This ability is based upon two things, His priesthood, and our availing ourselves of it. No other priest is equal to such complete saving of men. He, however, is only able to complete the work of saving, when men draw near to God through Him. There are very remarkable truths involved in this glorious declaration. Let us note two of them. First, the assumption of the statement is that it is only when men are near to God that the priesthood of Jesus is operative in all those continuous activities of intercession through which the saving of men can be carried out to its consummation. Not being perfect, not yet having attained, we may yet remain near to God, Who is the God of all patience. As that nearness is maintained, our High Priest is the Mediator through Whom all the resources of the Divine Wisdom, Strength, and Grace are communicated to us; that, growing up into Him in all things, our saving to the uttermost is completed. Departure from nearness to God separates us from the operation of our High Priest. That is a truth that we must never forget. Standing alone, it is liable to discourage us. But that brings us to the second truth, and that is that our nearness to God is through Him. It is through Him we draw near, and it is through Him we abide in nearness. Thus the two phases of His priestly work are in view. The first is atoning. Through that we draw near, and abide in nearness. The second is intercessory and perfecting. That operates as we are near to God through His atoning work.
He is the Mediator of a better covenant.
The outstanding word here is the word "covenant," for it includes everything which accrues to the believer through the priesthood of Jesus. The writer had employed it once before (7:22). Now he turned back to it, and from this point it constantly recurs to the end of the letter. It is well that we should recognize its real value. The Latin Vulgate invariably renders the word testamentum, and our Revisers always marginally suggest testament as an alternative rendering. This is suggestive, and indeed important. When we employ the word covenant, we think of a contract, into which two parties have entered, and which involves obligations and responsibilities on both sides; and all this is true in the use of the word in this connection. But the idea is not that of a covenant made after discussion, or by mutual concession and arrangement. A covenant is literally a testament, or disposition made by one, in the making of which the other is not consulted, but the benefits of which that other can only appropriate as he fulfils the terms laid down by the one. Our modern word Will exactly conveys the idea. The covenant between God and man which Christ Jesus has mediated is the disposition of God on behalf of man, the benefits of which man can only appropriate as he obeys the terms of that testament or disposition. To put the truth somewhat roughly, and perhaps, therefore, all the more forcefully - the better covenant is not one arrived at after bargaining with God. It is all of His grace.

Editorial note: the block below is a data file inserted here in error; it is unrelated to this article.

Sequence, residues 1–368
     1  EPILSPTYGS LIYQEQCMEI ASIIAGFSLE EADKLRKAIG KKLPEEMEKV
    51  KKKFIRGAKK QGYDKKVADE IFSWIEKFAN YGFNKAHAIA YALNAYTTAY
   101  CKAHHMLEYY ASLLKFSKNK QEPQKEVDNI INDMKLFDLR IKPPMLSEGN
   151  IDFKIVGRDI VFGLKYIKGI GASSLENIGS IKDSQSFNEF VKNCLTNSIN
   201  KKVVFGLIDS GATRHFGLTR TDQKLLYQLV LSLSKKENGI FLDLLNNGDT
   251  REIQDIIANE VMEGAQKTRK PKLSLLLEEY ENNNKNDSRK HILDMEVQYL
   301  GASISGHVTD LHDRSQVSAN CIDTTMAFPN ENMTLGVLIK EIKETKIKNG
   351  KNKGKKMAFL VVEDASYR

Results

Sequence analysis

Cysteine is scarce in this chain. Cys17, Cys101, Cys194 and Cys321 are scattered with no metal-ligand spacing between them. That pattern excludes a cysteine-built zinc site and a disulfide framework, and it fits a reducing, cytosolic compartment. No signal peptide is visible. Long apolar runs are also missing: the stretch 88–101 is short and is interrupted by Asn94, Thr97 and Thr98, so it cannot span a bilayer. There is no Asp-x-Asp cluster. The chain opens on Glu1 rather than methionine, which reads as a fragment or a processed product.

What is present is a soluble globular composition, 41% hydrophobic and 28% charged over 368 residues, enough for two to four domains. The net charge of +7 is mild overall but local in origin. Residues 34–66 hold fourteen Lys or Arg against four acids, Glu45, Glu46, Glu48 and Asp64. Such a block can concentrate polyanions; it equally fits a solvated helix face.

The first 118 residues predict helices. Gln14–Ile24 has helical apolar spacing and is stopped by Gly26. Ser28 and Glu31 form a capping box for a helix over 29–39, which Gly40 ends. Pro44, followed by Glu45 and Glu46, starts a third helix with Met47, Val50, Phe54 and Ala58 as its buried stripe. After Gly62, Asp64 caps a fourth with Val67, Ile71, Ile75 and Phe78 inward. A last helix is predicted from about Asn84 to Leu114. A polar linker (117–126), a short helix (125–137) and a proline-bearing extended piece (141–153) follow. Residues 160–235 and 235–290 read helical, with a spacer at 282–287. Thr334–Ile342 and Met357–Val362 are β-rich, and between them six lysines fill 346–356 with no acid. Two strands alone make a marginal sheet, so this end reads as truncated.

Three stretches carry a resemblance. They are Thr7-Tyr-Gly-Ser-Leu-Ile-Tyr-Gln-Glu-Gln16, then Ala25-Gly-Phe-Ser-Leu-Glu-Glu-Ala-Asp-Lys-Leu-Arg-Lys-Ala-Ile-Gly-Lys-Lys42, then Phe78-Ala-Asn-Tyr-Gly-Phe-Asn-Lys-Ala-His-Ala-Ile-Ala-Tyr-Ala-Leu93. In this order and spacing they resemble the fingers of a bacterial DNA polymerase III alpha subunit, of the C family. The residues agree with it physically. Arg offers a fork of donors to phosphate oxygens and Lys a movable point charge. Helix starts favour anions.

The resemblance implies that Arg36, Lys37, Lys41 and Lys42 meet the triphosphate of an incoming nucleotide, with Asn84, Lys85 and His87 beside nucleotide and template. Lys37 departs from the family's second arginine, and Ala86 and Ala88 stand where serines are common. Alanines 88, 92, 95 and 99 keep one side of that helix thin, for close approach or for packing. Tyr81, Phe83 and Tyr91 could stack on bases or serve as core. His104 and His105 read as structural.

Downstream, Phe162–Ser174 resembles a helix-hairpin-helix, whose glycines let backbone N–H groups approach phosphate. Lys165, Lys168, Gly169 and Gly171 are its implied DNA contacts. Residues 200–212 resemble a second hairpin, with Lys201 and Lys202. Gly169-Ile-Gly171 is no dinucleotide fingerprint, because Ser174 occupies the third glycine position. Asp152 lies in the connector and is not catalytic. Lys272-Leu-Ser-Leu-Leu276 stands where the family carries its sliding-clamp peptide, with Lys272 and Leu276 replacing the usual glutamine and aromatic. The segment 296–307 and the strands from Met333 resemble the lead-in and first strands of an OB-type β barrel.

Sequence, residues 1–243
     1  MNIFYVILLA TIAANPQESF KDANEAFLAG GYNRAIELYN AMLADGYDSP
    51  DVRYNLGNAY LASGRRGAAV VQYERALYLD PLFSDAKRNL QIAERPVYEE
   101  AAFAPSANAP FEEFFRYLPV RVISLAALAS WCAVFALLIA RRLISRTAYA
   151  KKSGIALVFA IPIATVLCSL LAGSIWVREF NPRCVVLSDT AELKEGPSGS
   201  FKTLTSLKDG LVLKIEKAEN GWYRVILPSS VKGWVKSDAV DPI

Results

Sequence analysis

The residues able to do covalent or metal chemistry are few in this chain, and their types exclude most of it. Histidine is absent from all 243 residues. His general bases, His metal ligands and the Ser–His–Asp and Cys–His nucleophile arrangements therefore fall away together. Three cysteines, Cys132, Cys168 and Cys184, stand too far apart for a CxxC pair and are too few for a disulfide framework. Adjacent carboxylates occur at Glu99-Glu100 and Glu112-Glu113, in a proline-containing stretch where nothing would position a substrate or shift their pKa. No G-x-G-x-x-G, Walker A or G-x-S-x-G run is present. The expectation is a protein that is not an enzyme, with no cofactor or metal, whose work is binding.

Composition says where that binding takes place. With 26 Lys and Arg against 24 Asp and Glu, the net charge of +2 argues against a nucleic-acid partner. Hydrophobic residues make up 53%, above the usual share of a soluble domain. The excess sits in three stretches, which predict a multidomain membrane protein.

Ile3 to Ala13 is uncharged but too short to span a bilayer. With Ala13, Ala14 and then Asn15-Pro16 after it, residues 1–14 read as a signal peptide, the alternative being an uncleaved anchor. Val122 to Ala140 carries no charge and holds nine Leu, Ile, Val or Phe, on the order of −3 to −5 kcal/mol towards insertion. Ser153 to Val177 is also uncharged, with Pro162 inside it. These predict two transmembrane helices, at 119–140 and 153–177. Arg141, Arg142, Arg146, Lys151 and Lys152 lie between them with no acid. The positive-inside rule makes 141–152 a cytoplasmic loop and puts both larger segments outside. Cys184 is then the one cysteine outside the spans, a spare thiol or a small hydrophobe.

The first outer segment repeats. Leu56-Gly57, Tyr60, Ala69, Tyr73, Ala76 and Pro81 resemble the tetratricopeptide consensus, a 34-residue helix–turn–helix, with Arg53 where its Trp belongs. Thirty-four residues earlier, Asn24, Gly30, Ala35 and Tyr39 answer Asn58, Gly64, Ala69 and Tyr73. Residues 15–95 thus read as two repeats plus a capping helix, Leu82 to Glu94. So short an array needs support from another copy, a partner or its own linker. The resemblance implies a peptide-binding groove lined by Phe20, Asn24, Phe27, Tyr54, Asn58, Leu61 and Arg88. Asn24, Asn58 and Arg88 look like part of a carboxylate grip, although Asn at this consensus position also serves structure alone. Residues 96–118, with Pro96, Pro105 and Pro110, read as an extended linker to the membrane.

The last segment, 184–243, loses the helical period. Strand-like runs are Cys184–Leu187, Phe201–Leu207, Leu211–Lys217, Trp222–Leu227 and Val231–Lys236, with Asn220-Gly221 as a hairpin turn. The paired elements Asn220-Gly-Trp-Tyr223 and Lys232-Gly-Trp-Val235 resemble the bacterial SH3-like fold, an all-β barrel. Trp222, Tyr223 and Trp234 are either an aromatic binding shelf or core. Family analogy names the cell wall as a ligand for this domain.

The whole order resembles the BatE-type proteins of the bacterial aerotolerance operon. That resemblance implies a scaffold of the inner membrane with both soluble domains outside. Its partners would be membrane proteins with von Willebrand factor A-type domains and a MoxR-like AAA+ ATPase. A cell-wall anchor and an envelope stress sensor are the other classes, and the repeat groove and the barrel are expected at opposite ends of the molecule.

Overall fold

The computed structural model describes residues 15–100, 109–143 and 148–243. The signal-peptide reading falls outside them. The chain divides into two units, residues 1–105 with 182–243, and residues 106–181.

Christ entered ... into heaven itself, now to appear before the face of God for us.
This is the fact which made possible the covenant. This was the supreme act of His priesthood, and it is continuous. In a former note we considered the statement that our great High Priest has "passed through the heavens" (4:14). Here it is said that He has entered into heaven. This is not a contradiction, but an interpretation. The heavens through which He passed are the created heavens. The Heaven which He entered is the uncreated abode of God Himself, the very Holiest of all. Thither He went "to appear before the face of God." The statement is apprehended in all its fullness of meaning when we put it into contrast with the greatest hour in the life and ministry of Moses. In an hour of supreme need and highest communion Moses asked to see the glory of God; that is, to behold His face. The answer was, "Thou canst not see My face"; but in grace he was given to see the back of God. The Son of God, in His glorified manhood, entered into Heaven to be manifested before the face of God! There, as man, God beheld Him, and He beheld God. And this was for us. In His humanity ours was represented, our sin covered by His completed atonement, our imperfections cancelled in His perfection, our weakness ended in His strength. Henceforth we are accepted in the Beloved, and all the wisdom and might and love of God are given to us through Him in the covenant which God makes with us.
Let us draw near.